On the desktop site users are a bit more concerned about memory consumption and thus the JVM hasn’t a particular good standing when it comes to the client side. It feels alien to developers and users to specifiy a maximum memory size (-Xmx) and obscene if the JVM doesn’t even return unused memory to the OS. But the latter behavior is subject to the garbage collector in use. We’ll take a look at the behaviour of the garbage collectors of JDK 7. If you don’t know what garbage collector for JDK 7 exist then you might consider reading those references first:
Java HotSpot Garbage Collection
Understanding GC pauses in JVM, HotSpot’s minor GC.

The test class is very simple and short enough to be pasted here. It first allocates a number of int array and later releases the references and invokes the garbage collector.

public class GCTest {

	private static ArrayList data = new ArrayList<>();

	public static void main(String[] args) throws Exception {
		for (int i=0;i<700;i++) {
			data.add(new int[1 * 1024 * 1024]);
			System.out.println("Allocation # "+i);

		for (int i=0;i<700;i++) {
			if (i%10 == 0) {
				System.out.println("(Trying to) run garbage collection");
			System.out.println("Deallocation # "+i);

Now we’ll take a look at the different garbage collectors available with JDK 7.

Parallel Scavenge (PS MarkSweep + PS Scavenge)

This is the default collector on my machine (Windows 7, 64 Bit, JDK 7 64 Bit). It’s a parallel throughput collector and can be selected by passing “-XX:+UseParallelOldGC”. This collector appears not to return any memory to the OS. Here’s the heap graph from VisualVM. The blue line shows the amount of heap used by the test program. The orange line shows how much memory the JVM has allocated from the OS for the heap. Finding out the “real” memory consumption is a science on its own, but for the sake of simplicity we’ll take the working set as displayed by the Process Explorer as the memory usage.

CMS – Concurrent Mark And Sweep (ConcurrentMarkSweep + ParNew)

Turn it on with “-XX:+UseConcMarkSweepGC”. CMS is a low pause collector. It also refused to return any memory.

Serial GC (Copy + MarkSweepCompact)

You switch it on with “-XX:+UseSerialGC”. The serial GC doesn’t sound very sexy in times of multicore hardware, but it’s the first GC to release memory to the OS. Nice start!

Parallel New + Serial GC (ParNew + MarkSweepCompact)

The serial collector for the old generation can be spiced up with a parallel collector for the new generation. Use “-XX:+UseParNewGC” for that combination. The nice thing is it keeps the nice behaviour of Serial GC and returns memory to the OS.

If you use the Serial GC you can even influence the resizing behavior with the MinHeapFreeRatio and MaxHeapFreeRatio VM arguments. Serial GC appears to be the only GC that actually respects that arguments. Here’s an example with “-XX:+UseParNewGC -XX:MinHeapFreeRatio=5 -XX:MaxHeapFreeRatio=10”.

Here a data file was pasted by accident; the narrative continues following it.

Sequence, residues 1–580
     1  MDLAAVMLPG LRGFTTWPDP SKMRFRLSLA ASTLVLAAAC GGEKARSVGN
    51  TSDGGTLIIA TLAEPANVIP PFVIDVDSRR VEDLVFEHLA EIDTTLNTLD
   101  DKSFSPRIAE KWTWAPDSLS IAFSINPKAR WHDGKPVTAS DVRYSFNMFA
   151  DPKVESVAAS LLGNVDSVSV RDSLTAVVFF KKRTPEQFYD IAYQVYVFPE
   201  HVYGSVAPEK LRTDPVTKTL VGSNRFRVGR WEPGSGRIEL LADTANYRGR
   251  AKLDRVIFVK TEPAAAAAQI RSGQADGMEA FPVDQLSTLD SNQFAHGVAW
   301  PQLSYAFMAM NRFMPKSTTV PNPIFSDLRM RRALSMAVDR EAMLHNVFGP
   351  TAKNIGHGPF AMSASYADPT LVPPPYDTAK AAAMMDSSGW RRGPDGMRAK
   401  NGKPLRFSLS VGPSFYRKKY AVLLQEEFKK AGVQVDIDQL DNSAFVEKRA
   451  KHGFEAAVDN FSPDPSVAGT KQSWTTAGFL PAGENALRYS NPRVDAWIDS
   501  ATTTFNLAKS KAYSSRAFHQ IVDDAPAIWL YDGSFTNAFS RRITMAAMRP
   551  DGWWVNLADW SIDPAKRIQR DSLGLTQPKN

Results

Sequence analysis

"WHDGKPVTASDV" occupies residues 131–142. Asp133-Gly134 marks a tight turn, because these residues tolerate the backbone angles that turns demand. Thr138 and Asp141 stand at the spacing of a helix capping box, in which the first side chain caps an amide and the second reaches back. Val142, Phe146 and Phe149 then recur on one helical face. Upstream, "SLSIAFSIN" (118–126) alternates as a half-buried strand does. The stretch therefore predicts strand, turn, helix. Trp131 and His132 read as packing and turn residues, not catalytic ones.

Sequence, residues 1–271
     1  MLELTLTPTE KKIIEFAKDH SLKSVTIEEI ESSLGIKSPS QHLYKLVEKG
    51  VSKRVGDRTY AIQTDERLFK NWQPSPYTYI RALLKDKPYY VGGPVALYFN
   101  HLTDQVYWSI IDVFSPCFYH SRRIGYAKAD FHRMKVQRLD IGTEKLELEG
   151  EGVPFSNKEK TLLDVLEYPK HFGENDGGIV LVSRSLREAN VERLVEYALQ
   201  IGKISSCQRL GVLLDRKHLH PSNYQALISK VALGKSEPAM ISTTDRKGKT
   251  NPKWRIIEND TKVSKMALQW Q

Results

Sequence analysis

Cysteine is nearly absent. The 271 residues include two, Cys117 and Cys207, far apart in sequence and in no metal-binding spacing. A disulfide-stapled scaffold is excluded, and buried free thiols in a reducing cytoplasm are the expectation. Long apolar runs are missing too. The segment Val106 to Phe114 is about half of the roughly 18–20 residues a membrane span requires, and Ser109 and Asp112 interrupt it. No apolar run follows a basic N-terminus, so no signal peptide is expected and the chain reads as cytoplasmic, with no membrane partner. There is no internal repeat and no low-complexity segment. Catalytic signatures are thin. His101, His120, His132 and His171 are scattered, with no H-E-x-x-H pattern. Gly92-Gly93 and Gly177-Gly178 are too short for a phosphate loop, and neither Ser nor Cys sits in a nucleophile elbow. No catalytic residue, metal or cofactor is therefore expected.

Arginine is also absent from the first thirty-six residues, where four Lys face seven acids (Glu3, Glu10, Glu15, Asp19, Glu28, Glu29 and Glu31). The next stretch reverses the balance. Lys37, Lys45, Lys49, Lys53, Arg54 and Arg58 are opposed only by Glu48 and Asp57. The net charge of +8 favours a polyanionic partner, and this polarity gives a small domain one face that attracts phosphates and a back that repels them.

This results in a very nice and close relation between used heap and allocated heap size. But of course you must consider the additional costs for adjusting the heap size often.

G1 (G1 Old Generation, G1 Young Generation)

The newest garbage collector can be turned on with “-XX:+UseG1GC”. It works quite different from all other collectors and as far as I know is intended to replace the CMS collector. It has the very nice property that it also returns free memory! The not nearly linear blue line might be due to G1’s only recent support in VisualVM.


Only the Serial GC and G1 release unused memory to the OS. I’m pretty happy to see that the new G1 does behave better that its predecessors. If memory consumption matters for your application and your app has memory peaks you might consider one of those collectors.
I’m interested in hearing your experiences with those GCs.

Update: Process Explorer view (in response to Kirk Pepperdine)

Here’s a graph from process explorer for the G1 test case. If you look at the figures displayed in the process tab you’ll confirm that both the private bytes from virtual memory and the working set are first growing and then shrinking. The numbers are of course higher than the heap size due to perm gen, code cache, non heap memory etc.

And here’s the graph for CMS. As you see all memory is kept by the VM.

Update For Java Benchmark

About half a year ago I published my first results for a C vs. JVMs benchmark. Some version updates appeared since then and so I thought it’s time for another run.

Some words about the benchmarks

Four of the five benchmarks stem from benchmarks found on the The Computer Language Benchmarks Game. They have been modified to reveal the peak performance of the virtual machines, which means that each benchmark basically runs 10 times in a single process. The first run might be negatively influenced by the JIT compiler and isn’t counted and only the remaining 9 times are used to compute the average duration.
The fifth benchmark is called “himeno benchmark” and was ported from C code to java. Himeno runs long enough such that the warm up phase doesn’t matter much.

Compilers and JVMs used in this comparison